A Little OCD In Me And Thee?
Obsessive-Compulsive Disorder (OCD) may not get as much attention as learning disorders such as dyslexia and ADHD, but its rate of occurrence (about 2 to 3 percent) makes it more common than asthma or diabetes. What exactly is OCD, and how do you know if you have it? By definition, the obsessions of OCD are persistent thoughts or images that are felt to be unwanted and intrusive. In other words, most of the things we ordinarily call obsessions would not qualify someone for an OCD diagnosis. People who are, in the normal sense, obsessed with an object of romantic desire -- who are 'in love' or 'infatuated' -- do not have OCD. If they were chronically tormented by inappropriate sexual fantasies, that might be an obsession in the OCD sense.
On the other hand, if you look at the symptoms of OCD, you can view them as extreme forms of ordinary personality traits that people have to varying degrees. Under most circumstances, those traits will not interfere with a person's life the way that OCD traits do. But they can be viewed as risk factors for developing full-blown OCD, and they also seem to be relatively common among close family members of people with OCD. For example, we all differ in the degree to which we display something called thought-action fusion (TAF) -- a breakdown in the distinction between performing an action and just thinking about it. Can you jinx someone just by thinking of something good (or bad) happening to them? Probably everybody has superstitious beliefs like these, or takes responsibility for thoughts that may randomly pass through their head as if they had actually acted them out.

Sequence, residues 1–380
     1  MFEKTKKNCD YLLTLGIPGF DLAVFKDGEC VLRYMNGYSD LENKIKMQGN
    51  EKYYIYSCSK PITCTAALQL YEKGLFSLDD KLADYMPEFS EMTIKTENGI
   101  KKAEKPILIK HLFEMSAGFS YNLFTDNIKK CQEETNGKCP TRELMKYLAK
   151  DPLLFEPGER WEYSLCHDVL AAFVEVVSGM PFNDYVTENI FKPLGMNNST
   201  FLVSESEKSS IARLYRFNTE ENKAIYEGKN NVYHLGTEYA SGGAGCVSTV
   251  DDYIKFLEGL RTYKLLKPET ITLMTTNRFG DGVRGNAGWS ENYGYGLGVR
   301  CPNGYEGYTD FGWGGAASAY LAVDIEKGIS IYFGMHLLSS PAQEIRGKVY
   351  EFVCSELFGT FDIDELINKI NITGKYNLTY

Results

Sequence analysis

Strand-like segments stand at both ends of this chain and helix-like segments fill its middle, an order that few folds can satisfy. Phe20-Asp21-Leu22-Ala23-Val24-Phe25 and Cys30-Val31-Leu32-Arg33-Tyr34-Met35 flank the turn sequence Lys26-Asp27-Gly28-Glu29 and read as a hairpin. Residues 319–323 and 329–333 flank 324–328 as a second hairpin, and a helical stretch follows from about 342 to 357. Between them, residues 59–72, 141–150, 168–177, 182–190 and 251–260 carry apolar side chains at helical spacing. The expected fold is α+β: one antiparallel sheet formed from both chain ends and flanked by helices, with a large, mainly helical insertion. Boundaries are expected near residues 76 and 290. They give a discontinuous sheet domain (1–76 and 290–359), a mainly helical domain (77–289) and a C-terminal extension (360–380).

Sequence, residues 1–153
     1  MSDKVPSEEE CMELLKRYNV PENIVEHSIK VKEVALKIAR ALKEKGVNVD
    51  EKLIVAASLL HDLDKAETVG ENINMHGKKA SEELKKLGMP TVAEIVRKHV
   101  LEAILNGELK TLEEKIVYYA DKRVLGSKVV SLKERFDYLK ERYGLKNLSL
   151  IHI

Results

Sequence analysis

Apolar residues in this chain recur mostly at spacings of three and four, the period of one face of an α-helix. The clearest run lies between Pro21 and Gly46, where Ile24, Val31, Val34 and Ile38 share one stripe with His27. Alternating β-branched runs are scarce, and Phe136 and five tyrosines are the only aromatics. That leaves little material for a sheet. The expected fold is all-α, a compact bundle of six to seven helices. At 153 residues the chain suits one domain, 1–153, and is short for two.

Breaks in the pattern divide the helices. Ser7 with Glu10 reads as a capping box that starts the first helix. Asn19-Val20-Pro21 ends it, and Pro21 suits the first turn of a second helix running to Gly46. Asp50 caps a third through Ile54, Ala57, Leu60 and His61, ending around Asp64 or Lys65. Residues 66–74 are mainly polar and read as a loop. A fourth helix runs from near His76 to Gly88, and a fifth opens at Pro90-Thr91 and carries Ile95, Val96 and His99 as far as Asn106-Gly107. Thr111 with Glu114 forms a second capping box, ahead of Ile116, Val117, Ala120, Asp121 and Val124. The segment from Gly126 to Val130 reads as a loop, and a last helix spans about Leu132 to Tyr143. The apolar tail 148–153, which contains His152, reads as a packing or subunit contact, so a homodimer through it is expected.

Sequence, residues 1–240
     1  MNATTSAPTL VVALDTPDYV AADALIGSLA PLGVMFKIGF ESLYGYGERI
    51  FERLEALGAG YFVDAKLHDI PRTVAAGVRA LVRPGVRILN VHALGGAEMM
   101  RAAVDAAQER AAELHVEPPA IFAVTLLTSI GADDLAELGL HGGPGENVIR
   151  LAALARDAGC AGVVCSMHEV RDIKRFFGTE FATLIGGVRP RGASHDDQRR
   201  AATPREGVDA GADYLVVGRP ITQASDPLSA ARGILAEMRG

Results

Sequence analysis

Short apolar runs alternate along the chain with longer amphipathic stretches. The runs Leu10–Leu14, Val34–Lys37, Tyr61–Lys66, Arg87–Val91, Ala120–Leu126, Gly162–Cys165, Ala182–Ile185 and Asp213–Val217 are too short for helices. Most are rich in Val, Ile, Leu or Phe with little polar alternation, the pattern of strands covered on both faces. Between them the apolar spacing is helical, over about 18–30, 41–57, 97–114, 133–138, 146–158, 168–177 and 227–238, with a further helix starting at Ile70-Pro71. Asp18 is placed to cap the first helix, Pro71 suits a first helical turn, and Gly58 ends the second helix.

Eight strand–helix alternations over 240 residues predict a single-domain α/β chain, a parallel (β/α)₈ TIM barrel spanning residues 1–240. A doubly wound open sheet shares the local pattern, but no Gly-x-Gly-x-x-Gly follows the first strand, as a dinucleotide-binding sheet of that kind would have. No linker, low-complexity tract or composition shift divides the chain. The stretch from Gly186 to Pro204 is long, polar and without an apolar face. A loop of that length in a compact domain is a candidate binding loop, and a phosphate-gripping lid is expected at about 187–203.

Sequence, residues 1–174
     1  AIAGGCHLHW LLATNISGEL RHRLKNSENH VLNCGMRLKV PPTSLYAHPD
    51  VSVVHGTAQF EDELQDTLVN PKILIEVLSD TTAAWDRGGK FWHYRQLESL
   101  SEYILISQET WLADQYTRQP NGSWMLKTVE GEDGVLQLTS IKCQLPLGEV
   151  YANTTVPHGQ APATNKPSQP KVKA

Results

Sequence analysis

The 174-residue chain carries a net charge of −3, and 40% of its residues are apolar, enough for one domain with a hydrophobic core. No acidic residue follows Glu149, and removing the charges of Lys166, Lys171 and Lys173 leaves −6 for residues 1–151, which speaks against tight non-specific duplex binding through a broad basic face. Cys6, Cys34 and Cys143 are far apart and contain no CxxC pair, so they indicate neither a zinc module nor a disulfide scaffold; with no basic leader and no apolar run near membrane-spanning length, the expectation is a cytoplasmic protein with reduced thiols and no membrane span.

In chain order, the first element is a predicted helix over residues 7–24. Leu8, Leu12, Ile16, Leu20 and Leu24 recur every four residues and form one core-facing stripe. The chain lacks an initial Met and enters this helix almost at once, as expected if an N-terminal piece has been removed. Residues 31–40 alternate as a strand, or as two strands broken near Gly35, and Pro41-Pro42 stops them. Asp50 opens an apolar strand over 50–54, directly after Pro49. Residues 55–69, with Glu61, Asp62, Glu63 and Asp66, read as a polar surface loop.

Many cultures have a belief in the magical power of words, and many taboos arise out of those beliefs. It's also fairly common to believe that just talking or thinking about something will make it more or less likely for it to happen (knock wood!), even if you rationally know the belief to be false. People with OCD score high on TAF scales. People who don't have OCD and score high on TAF scales are also more likely than average to develop OCD later on. Of course, that doesn't mean that superstitions are an early sign of OCD. People who rate high in TAF are often just people who make life a little harder for themselves by taking on a feeling of responsibility for things they can't influence, or by taking on feelings of guilt for things they didn't actually do. Those are, in mild form, very similar to what a person with OCD feels.
About the Author
David Gamon, PhD
Dr. David Gamon, one of the original writers at ScienceIQ, studied cognitive science at U.C. Berkeley, where he received his Ph.D. in Linguistics in 1997. He is the author of many popular books about the human brain, including Building Mental Muscle, Use It Or Lose It!, and Brains That Work a Little Bit Differently. His current projects include books about gender differences in the brain, the brain’s construction of sensory reality, and psychopathy.